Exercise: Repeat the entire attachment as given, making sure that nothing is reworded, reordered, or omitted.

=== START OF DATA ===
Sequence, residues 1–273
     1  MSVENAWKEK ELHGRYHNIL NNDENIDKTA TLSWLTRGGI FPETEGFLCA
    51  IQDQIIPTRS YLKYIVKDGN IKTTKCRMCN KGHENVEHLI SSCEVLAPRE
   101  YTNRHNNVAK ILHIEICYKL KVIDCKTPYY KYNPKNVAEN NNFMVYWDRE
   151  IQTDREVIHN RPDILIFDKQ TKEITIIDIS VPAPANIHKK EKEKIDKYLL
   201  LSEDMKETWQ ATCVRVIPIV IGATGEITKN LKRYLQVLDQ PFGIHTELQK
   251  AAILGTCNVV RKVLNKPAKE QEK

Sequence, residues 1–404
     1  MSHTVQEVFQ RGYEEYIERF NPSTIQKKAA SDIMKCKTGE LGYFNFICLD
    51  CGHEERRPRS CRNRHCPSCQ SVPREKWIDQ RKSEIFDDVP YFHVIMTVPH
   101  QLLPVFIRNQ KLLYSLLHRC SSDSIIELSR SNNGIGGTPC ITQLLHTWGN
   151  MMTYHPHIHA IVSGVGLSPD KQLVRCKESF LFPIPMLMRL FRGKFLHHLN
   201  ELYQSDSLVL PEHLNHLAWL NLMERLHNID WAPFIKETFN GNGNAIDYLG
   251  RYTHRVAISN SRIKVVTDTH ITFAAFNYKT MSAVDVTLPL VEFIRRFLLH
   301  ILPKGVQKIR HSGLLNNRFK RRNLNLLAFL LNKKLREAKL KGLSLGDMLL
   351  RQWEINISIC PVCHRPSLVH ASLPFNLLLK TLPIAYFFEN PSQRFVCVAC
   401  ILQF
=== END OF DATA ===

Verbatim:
Sequence, residues 1–273
     1  MSVENAWKEK ELHGRYHNIL NNDENIDKTA TLSWLTRGGI FPETEGFLCA
    51  IQDQIIPTRS YLKYIVKDGN IKTTKCRMCN KGHENVEHLI SSCEVLAPRE
   101  YTNRHNNVAK ILHIEICYKL KVIDCKTPYY KYNPKNVAEN NNFMVYWDRE
   151  IQTDREVIHN RPDILIFDKQ TKEITIIDIS VPAPANIHKK EKEKIDKYLL
   201  LSEDMKETWQ ATCVRVIPIV IGATGEITKN LKRYLQVLDQ PFGIHTELQK
   251  AAILGTCNVV RKVLNKPAKE QEK

Sequence, residues 1–404
     1  MSHTVQEVFQ RGYEEYIERF NPSTIQKKAA SDIMKCKTGE LGYFNFICLD
    51  CGHEERRPRS CRNRHCPSCQ SVPREKWIDQ RKSEIFDDVP YFHVIMTVPH
   101  QLLPVFIRNQ KLLYSLLHRC SSDSIIELSR SNNGIGGTPC ITQLLHTWGN
   151  MMTYHPHIHA IVSGVGLSPD KQLVRCKESF LFPIPMLMRL FRGKFLHHLN
   201  ELYQSDSLVL PEHLNHLAWL NLMERLHNID WAPFIKETFN GNGNAIDYLG
   251  RYTHRVAISN SRIKVVTDTH ITFAAFNYKT MSAVDVTLPL VEFIRRFLLH
   301  ILPKGVQKIR HSGLLNNRFK RRNLNLLAFL LNKKLREAKL KGLSLGDMLL
   351  RQWEINISIC PVCHRPSLVH ASLPFNLLLK TLPIAYFFEN PSQRFVCVAC
   401  ILQF